Photograph by Patricia Lynn Henley
Not a Drop to Drink: H. R. Downs worries that a government report stating that the American West will be out of water in 2025 is all too true.
By Patricia Lynn Henley
It's possible to live without a lot of things, but there's absolutely no substitute for water, says Penngrove resident H. R. Downs. "For both gasoline and electricity, there are plenty of alternatives. You can walk, you can ride a bicycle, you can ride a horse, you can get there by many other means other than an automobile. If the electricity goes out, you can read a book by a candle, you can do all kinds of stuff. There is no alternative to water."
As president of the OWL Foundation (Open Space, Water Resource Protection and Land Use), Downs would like to see tough government policies and a thorough regional groundwater-management plan to protect both existing water-scarce areas and water-rich districts that are currently being overused. Sitting recently in a Cotati cafe, Downs talks quietly but intensely, his brown eyes flashing behind his oversized, gray-framed glasses as his fingers dance across his laptop keyboard, bringing up charts and graphs to illustrate his message.
"We're all in the same boat, to use a water metaphor," Downs says. "We have to start coordinating the cumulative impacts of our water supply. This is a huge problem."
Most people take H²0 for granted, he adds. "We are made of water. It's something that people don't really understand. They don't see water because we are water and it's too obvious. It's the kind of thing that just doesn't occur to you."
And unfortunately, Downs adds, most people don't grasp that this planet doesn't produce an unlimited supply of this precious liquid. Fresh drinking water is simply dirty water recycled naturally within a closed system.
"We have the same amount of water today that we had 20,000 years ago. Nature doesn't make new water. There's only a certain amount available."
OWL was founded a few years ago when like-minded individuals attended meetings to create a water-resource element for Sonoma County's general plan. The group's eight-member board of directors includes a geologist, a hydrologist and other experts. In February, OWL filed suit charging that Rohnert Park's 2005 water-supply assessment report didn't satisfy a new state law requiring proof that there's enough water available before allowing any new development equivalent to 500 homes or more. In June a judge agreed, ruling that Rohnert Park has to look at its entire water basin, not just within its city limits.
"This is a historic ruling," Downs says. "This is an important law and it will affect the entire state of California."
He is not anti-development. "If you've got water, then you can do whatever you want to." But Downs believes Rohnert Park and other local government officials aren't willing to admit the extent of this area's water problem. There are 160 places in California that have created official groundwater management plans, as laid out in the state water code, but the Sonoma County Board of Supervisors declined to do this, Downs says.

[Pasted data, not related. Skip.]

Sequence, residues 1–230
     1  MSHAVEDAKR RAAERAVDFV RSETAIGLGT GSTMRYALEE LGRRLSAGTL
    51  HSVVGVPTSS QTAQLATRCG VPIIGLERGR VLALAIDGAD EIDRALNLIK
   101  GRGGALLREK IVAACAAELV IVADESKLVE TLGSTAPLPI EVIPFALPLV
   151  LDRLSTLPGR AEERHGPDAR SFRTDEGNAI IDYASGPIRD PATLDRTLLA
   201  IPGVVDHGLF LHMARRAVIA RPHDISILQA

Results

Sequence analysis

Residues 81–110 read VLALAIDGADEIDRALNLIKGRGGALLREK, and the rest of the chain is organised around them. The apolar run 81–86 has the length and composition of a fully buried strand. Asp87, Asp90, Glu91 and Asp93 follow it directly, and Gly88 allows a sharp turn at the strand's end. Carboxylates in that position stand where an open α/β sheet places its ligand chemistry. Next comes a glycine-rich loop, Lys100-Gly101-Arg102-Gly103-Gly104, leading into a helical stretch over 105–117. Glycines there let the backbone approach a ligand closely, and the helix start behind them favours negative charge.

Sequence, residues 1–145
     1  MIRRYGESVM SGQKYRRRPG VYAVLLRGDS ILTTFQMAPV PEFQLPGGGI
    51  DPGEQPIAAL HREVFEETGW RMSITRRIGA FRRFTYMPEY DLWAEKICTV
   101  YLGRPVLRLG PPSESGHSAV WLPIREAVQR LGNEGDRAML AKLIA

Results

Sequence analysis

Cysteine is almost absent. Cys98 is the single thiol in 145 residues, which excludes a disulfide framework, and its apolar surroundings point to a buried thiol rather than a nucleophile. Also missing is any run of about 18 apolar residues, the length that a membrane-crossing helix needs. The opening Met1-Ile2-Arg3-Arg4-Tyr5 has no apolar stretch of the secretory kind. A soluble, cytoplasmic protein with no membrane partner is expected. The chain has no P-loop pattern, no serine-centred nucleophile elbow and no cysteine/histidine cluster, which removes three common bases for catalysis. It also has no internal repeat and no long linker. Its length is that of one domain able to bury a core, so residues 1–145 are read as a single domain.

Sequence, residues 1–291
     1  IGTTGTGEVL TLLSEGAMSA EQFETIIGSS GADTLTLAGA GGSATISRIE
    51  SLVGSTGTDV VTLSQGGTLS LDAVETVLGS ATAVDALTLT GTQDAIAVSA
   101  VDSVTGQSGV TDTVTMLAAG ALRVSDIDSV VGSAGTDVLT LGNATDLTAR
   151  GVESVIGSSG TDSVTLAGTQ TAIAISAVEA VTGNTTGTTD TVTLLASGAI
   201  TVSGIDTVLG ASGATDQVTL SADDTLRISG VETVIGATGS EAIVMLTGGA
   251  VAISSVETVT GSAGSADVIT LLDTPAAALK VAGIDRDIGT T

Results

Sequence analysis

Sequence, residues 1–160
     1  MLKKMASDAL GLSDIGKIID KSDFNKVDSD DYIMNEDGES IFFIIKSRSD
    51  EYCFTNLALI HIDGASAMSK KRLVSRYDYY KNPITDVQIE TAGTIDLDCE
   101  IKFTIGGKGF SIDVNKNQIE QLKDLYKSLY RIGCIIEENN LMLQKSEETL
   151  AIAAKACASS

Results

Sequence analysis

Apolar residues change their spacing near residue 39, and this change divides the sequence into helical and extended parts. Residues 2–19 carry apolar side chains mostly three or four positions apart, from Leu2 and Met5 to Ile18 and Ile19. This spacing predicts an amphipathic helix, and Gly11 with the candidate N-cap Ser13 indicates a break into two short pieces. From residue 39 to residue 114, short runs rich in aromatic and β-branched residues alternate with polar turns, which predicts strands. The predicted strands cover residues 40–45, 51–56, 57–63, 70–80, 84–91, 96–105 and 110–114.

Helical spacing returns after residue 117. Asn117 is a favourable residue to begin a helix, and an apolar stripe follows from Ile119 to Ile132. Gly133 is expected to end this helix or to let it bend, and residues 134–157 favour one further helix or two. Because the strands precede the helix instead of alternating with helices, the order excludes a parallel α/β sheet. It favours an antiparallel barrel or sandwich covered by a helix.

"Bottom line, the goal is a comprehensive water resource management plan. Not just groundwater. It has to be all the groundwater basins and sub-basins; all the surface water sources such as the Russian River; all the well owners; all the cities and water districts; all the [agencies, including those in Marin, that get water from] the Sonoma County Water Agency; everything has to be coordinated."
Downs and his wife started coming to Sonoma County in 1984, and moved here from Berkeley in 1990. After a career that included being general manager of a factory, working for UNICEF in Asia for some 14 years, laboring for 10 years as a ghost writer and doing a stint as a photographer, Downs planned to retire to Penngrove and, as a self-described "inveterate bibliophile," spend time with his books. Instead, he became intrigued by a lawsuit that a group of Penngrove well owners had filed against the city of Rohnert Park.
"I discovered, much to my shock and horror, that Rohnert Park had pumped so much water in the previous 25 years, they had dropped the water table 150 feet. That is a massive, massive drop. To put this in perspective, Rohnert Park sits in the Santa Rosa plain. The Santa Rosa plain is made up of a lot of sandy soil and it's probably the most water-rich area in the whole county. So they threw that into overdraft. That's quite impressive."
His "retirement" is spent working for OWL, trying to raise awareness about the precious nature of local water resources. Downs' years of living in Asia provide a special perspective. "I had an opportunity to see what happens when you don't have enough water, or what happens when the water that you do have is seriously polluted. It's endemic in Asia."
In 2004, a report by the federal Department of the Interior (www.doi.gov/water2025) warned that the American West will run out of water by 2025. Downs hopes the North Bay will pay attention before things get that bad.
"We're going to hit the wall with this and from what I've seen in other parts of the world, we don't want to do that. We can avoid it. We can plan ahead."